If you are comfortable negotiating with creditors, have some time and energy to spare, and only have a few delinquent accounts, self-directed debt settlement might be a good option for you. It will save you in fees and other expenses, and you can remain in control throughout the entire process. 

If, on the other hand, you are intimidated at the prospect of dealing with creditors directly, or you have lots of delinquent accounts, it may be in your best interest to work with a debt settlement company. Doing so will help to ensure that creditors accept a reasonable settlement amount, and you won’t need to invest time into dealing with creditors directly.

Research Utah Debt Settlement Companies

 Although many companies are reputable and truly want to help their customers, there are plenty of scams out there. Protect yourself by visiting the Utah Attorney General’s website and the Better Business Bureau website before entering into any kind of debt settlement agreement. You can use these resources to research the reputation of any companies you’re interested in dealing with. Although all companies will likely have some complaints filed against them (no one’s services please everyone) if an unusual number of complaints have been filed against a company or complaints are particularly egregious, you may want to look elsewhere for assistance. 

How to Make Your Debt Settlement Work

If you are serious about getting out of debt, you’ll want to do everything possible to ensure that your debt settlement plan is set up to work in your favor. Don’t agree to a monthly payment or lump sum that you cannot afford, or choose a due date that coincides with another large monthly expense, such as your rent or mortgage payment. Calculate the amount of disposable income you have each month, and base your monthly debt settlement payment on that amount. Do your best to stick to your scheduled payments and make extra payments whenever possible. The sooner you get your debts settled, the sooner you can begin rebuilding your credit score.

Alternatives to Debt Settlement

Debt settlement is far from the only debt relief solution out there. If you have determined that debt settlement isn’t right for you, consider one of the alternatives below. From debt consolidation loans to bankruptcy, each type of debt relief has advantages and disadvantages. Some have tax consequences and some do not. Some will have a negative impact on your credit score, and others will not. Before deciding what option is best for you, consider scheduling a free credit counseling session with a counselor employed by an accredited, nonprofit credit counseling agency. They will be able to tell you whether any of the following options is a viable solution for your unique challenges.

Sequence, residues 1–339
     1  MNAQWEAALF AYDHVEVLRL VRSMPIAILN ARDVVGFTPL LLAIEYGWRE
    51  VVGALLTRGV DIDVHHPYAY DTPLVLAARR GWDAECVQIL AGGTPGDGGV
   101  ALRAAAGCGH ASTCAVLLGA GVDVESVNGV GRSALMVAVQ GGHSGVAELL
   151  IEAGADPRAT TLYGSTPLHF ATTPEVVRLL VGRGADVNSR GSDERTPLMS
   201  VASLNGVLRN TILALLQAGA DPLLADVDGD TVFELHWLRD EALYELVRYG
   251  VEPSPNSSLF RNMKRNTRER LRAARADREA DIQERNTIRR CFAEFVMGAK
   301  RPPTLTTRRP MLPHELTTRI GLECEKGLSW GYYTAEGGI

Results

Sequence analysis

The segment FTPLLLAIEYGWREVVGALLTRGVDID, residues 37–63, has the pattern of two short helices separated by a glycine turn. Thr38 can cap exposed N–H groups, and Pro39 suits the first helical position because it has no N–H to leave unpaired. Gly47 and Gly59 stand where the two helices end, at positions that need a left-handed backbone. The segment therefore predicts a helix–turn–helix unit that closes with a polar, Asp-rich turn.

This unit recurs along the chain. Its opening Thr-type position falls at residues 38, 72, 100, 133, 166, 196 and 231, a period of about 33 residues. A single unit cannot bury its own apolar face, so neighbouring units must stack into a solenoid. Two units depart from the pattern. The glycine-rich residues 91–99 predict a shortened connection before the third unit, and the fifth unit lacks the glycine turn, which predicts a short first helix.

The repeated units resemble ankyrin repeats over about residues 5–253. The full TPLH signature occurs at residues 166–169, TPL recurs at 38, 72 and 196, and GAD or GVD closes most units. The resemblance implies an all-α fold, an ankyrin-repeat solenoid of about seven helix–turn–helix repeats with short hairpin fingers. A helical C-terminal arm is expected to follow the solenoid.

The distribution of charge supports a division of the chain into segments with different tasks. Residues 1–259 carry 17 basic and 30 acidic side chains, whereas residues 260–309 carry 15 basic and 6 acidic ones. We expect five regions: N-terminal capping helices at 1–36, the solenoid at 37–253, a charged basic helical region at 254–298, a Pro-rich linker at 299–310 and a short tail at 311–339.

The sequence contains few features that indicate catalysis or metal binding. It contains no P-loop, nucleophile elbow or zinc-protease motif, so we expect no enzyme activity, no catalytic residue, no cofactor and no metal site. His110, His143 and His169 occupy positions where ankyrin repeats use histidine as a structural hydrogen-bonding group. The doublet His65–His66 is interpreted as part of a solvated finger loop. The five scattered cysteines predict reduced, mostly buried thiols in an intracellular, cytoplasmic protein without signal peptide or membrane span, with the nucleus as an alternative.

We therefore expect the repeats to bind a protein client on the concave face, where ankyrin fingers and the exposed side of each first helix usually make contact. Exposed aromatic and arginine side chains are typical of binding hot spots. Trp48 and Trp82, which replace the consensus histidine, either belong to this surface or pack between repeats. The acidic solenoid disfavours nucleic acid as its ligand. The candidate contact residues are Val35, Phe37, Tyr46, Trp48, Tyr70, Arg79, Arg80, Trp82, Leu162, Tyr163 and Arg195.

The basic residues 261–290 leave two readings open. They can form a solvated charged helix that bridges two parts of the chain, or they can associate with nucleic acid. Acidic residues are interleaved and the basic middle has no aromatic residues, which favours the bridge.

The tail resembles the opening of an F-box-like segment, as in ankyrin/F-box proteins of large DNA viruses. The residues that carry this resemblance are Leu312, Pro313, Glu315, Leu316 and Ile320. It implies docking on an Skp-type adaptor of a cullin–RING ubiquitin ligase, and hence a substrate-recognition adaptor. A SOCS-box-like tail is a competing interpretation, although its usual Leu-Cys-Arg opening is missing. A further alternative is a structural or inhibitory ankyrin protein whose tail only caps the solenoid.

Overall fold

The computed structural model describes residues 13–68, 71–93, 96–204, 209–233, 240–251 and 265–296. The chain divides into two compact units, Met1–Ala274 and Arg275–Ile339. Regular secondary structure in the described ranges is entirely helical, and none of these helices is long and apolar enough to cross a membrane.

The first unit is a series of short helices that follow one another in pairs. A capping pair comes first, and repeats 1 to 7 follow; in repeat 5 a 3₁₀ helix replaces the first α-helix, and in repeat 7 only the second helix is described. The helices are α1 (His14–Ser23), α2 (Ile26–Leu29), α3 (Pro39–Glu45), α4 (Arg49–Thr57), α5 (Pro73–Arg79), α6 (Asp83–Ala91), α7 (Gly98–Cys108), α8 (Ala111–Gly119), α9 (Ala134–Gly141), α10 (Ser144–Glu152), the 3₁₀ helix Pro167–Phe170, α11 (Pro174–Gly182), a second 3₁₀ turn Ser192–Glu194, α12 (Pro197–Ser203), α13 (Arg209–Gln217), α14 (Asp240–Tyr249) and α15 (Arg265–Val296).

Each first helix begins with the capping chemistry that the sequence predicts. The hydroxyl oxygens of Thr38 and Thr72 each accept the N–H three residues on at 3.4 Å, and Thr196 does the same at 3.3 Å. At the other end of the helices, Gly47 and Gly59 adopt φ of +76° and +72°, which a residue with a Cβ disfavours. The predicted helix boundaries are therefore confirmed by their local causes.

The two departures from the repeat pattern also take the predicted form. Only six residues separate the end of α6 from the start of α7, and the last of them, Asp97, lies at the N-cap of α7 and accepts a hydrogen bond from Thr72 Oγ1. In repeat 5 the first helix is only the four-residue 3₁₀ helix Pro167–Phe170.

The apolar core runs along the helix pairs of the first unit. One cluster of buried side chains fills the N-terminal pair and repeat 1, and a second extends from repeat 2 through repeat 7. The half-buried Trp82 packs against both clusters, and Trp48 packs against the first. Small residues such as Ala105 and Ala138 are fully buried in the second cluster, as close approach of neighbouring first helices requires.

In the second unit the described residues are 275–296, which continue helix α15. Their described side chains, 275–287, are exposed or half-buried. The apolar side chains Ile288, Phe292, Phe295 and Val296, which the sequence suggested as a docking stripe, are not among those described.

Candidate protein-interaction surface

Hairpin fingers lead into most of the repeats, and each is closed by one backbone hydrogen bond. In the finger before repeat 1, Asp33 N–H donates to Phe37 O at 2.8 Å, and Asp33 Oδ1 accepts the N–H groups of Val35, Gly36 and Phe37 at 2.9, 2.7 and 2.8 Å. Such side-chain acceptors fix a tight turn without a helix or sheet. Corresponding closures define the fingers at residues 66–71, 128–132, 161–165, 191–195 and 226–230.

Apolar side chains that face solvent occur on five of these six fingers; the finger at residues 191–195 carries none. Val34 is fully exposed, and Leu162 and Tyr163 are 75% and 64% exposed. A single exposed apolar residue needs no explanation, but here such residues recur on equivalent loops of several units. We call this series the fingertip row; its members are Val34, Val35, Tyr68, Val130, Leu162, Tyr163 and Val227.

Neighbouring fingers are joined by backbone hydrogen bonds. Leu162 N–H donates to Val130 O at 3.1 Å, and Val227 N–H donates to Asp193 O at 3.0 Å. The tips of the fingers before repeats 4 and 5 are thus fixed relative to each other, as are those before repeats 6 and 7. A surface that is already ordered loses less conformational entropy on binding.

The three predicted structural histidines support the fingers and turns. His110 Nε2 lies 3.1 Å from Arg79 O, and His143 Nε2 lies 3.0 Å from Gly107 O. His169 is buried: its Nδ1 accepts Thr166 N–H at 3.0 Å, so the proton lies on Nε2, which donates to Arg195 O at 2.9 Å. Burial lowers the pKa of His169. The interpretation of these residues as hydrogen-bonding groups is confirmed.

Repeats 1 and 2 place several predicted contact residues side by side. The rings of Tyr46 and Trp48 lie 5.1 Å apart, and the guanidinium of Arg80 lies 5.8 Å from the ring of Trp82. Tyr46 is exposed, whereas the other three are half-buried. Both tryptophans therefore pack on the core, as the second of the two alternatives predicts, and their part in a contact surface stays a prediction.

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Utah Debt Consolidation

Securing a debt consolidation loan is arguably the least disruptive form of debt relief available, from the perspective of maintaining a good credit report and not being hassled by creditors. However, it is rarely a viable option for individuals who are struggling with debt because this debt management option requires an excellent credit score.

In most cases, by the time people are considering debt relief options, they have already fallen behind on loan payments. With that said, if you have a great credit score and can secure a new loan with favorable terms, you can use this option to combine your many high-interest unsecured debts into one account. This option can save you time and streamline your repayment process. 

Utah Debt Management Plan

A debt management plan is a type of debt consolidation, but it is not a loan and therefore does not require good credit. Instead of having to pay multiple creditors each month, you make one monthly payment to a credit counseling agency, which is then distributed to your creditors by the agency. 

If you have the funds to pay your debts, but you need the breathing room provided by an extended payment schedule and lower payments, a Utah debt management plan may work for you. If your disposable income is too low to accommodate the regular payments associated with a debt management plan, debt settlement or bankruptcy may be a better fit. 

Utah Bankruptcy

Hundreds of thousands of Americans file for bankruptcy each year due to overwhelming debt. As long as you have an action plan for rebuilding your credit moving forward, filing for Utah bankruptcy can be exactly what you need to regain control of your finances and achieve your savings and retirement goals. 

If you don’t earn much income and you are thinking about filing for bankruptcy but you can’t afford legal counsel, Upsolve has a tool to help you file your forms for free. We're a nonprofit that helps low-income individuals file Chapter 7 bankruptcy.